A steep hill, a five-kilogram wheel of the finest Aussie high country cheese, full-face helmet, protective body armour and a baying crowd. It wasn’t quite how I pictured a walking weekend in The New South Wales Snowy Mountains when I first signed up six months ago. But when the weekend finally rolls around and you spot “cheese rolling competition” in the local What’s on Guide, all of a sudden it sounds like the perfect afternoon activity; that and the serendipitous pairing of a gung-ho attitude and a band of mates egging me on.
Until of course I’m standing at the top of said steep hill in Thredbo, much steeper than I envisaged by the way, plotting how to out-run my seemingly younger, fitter and more-prepared competitors to the bottom. All of a sudden my imagined cheese-chasing career was fast morphing into a sure-fire entry card into the local emergency department at the Australian Cheese Rolling Festival.
Cheese rolling isn’t something us Aussies generally know much about, but in England it’s a famous sporting tradition. For centuries locals in the town of Gloucester – home of the much-loved orange-coloured Double Gloucester cheese – have been cheese racing down Coopers Hill every spring with feint regard for safety in the Cooper’s Hill Cheese Rolling Championship. Thredbo hopes its own version the Australian Cheese Rolling Festival will in time, draw similarly large crowds to the region outside the peak winter season.
The act of cheese-rolling does not actually require rolling a cheese with your hand. Rather The Snowy Mountain contest, as in Gloucester, is about chasing a wheel of cheese as it hurtles haphazardly under its’ own steam down an incline at ever-increasing velocity towards the bottom. Contestants must follow a similar trajectory down and the first runner past the post is crowned the winner. Where the cheese ends up is a largely irrelevant fact.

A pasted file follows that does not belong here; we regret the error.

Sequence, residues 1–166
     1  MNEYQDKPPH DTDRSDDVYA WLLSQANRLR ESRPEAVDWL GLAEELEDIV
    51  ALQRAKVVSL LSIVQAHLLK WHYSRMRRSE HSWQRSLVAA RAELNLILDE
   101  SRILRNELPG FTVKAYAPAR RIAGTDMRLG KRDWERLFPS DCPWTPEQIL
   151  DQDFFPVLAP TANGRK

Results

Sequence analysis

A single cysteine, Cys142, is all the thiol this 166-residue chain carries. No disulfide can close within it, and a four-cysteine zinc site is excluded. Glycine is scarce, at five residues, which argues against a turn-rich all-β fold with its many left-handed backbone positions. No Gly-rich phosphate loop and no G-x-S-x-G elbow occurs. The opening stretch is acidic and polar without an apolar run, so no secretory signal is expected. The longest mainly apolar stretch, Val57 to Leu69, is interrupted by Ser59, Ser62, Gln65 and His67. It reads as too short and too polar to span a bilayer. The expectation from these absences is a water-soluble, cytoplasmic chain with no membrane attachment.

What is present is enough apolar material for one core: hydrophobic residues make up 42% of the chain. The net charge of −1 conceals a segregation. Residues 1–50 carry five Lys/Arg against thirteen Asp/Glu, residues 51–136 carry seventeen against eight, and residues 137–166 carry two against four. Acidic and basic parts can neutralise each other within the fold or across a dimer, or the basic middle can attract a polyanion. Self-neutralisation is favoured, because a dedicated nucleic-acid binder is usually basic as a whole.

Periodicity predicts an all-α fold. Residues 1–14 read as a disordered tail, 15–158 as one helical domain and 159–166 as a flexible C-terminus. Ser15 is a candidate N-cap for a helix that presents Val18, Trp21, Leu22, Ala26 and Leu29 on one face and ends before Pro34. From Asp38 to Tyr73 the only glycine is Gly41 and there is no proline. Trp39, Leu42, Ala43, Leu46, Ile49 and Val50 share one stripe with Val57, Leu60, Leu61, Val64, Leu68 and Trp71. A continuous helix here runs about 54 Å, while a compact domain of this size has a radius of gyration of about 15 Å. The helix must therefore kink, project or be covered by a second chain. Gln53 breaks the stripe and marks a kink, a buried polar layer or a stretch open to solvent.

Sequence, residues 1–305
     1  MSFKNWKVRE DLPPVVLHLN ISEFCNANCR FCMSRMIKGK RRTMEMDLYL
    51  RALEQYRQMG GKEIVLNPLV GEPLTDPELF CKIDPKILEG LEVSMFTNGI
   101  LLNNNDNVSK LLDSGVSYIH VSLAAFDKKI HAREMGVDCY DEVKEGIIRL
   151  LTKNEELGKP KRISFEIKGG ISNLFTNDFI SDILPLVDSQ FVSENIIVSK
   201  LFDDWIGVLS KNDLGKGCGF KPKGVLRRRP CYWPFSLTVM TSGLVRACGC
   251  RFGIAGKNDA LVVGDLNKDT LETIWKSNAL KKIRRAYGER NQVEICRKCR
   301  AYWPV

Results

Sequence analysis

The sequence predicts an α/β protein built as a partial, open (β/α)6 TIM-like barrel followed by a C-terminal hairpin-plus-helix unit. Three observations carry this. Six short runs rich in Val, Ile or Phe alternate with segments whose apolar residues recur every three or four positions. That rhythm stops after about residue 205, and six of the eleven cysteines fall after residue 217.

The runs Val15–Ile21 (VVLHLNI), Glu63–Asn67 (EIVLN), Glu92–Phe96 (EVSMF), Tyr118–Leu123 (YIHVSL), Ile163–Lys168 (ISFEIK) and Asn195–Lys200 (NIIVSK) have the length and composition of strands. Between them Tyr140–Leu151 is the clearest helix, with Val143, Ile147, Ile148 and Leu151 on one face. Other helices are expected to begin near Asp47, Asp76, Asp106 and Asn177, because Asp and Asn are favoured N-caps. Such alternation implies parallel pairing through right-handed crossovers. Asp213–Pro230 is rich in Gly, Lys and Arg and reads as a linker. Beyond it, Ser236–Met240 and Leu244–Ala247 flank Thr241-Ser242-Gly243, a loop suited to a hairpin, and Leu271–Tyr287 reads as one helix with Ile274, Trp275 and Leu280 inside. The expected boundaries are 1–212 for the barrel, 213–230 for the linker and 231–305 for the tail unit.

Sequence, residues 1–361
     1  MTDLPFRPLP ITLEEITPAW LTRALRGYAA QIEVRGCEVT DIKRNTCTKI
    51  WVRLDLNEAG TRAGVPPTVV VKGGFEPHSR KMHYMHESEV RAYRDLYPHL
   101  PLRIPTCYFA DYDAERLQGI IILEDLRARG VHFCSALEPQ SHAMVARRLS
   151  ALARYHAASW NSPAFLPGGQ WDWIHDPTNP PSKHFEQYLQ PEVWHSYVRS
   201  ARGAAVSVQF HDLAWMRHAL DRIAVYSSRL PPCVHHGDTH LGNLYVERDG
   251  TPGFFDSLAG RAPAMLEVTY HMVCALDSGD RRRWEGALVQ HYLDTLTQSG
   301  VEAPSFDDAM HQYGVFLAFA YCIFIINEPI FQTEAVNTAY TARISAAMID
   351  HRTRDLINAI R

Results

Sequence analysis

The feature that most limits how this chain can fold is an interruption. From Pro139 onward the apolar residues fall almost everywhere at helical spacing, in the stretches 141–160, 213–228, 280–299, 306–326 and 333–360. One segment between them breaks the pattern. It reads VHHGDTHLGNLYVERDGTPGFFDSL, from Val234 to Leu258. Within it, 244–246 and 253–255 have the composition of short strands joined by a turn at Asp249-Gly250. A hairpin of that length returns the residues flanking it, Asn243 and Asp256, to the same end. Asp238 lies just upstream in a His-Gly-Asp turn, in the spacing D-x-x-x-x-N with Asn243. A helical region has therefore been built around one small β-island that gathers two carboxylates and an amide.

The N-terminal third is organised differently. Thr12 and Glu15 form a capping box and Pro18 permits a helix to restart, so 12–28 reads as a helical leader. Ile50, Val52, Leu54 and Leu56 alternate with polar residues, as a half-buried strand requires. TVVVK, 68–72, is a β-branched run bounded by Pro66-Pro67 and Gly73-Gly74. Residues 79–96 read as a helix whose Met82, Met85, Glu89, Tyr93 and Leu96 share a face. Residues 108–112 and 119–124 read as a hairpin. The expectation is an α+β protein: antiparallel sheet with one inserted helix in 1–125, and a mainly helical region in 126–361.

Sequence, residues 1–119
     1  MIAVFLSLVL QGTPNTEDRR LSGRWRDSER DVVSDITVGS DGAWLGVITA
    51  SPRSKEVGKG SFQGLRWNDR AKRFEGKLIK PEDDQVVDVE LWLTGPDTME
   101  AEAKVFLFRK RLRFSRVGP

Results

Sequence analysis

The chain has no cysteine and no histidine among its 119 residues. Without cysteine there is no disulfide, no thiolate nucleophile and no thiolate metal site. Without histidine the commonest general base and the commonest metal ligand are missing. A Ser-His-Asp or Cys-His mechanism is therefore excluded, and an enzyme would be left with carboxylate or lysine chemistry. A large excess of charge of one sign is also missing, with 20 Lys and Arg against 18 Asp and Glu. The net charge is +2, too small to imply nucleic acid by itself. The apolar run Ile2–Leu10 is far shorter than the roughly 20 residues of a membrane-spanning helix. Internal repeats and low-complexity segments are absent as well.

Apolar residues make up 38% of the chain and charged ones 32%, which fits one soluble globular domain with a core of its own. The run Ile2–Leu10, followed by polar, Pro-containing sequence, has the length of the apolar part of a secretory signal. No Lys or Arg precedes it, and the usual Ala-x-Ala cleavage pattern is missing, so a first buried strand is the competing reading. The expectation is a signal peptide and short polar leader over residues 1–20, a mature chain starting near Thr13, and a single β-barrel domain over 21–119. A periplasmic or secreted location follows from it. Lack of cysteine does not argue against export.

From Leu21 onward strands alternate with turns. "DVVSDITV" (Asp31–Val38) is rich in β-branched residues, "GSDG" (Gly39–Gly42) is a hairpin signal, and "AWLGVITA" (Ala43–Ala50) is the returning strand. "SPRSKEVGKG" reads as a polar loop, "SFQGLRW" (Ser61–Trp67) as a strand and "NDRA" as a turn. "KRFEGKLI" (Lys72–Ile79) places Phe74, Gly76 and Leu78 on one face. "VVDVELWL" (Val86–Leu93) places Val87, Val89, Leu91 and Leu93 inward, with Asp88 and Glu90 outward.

There’s not a whiff of Double Gloucester here in Thredbo. In celebration of the High Country Cheese and Wine festival, my fellow cheese rollers and I must set our sights on a locally-produced hard cheese from Coolamon; a tasty bite if I might add, and one that I only discover after the race at the tasting and wine quaffing part of the festival.
But more of that later.
The hype and crowds in Thredbo are distinctly smaller than over in Gloucester. In Britain folk gather in their thousands, blocking roads and standing cheek-to-jowl for the best vantage points. International television crews line the route and the various injuries and broken limbs make racers Insta famous in minutes.
In Thredbo at best, there are a hundred or so spectators, courtesy of a rare sunny autumnal day. In winter this cheese-racing slope becomes Sundance, a popular ski run that sees far bigger crowds hurtling towards the adjacent Kosciuszko Chairlift.
A middle-aged couple from the Southern Highlands and I are the first to register for the race; so keen in fact that we arrive long before the organizers themselves turn up. Shaking my head in envy at their superhero capes and costumes, I silently breathe a sigh of relief as my athletic clothing is easily more suited to racing, but they certainly have my vote for best dressed.
I swap tactics with a retired tradie from the Central West Plains on a nomadic tour of Australia, his itinerary determined by quirky events such as this. His cheese rolling aspirations were an excuse for a thousand-kilometre detour, dedication I admire. Seems he also missed the note about fancy dress, sporting a tatty pair of shorts and a singlet.
Registration for the race is brief and perfunctory; we eagerly sign away all liability of the organisers for any ensuing injuries, swept up in the pre-race hype being broadcast loudly across the valley. On-line the rules firmly stated racers should wear helmets and flesh-covering clothing; in reality anyone, no matter how they are dressed can sign up. A stickler for detail, I’m clutching a full-face helmet, knee and elbow guards borrowed from my mountain biker pal. It seems a tad overkill, but I reckon my ageing body’s worth protecting.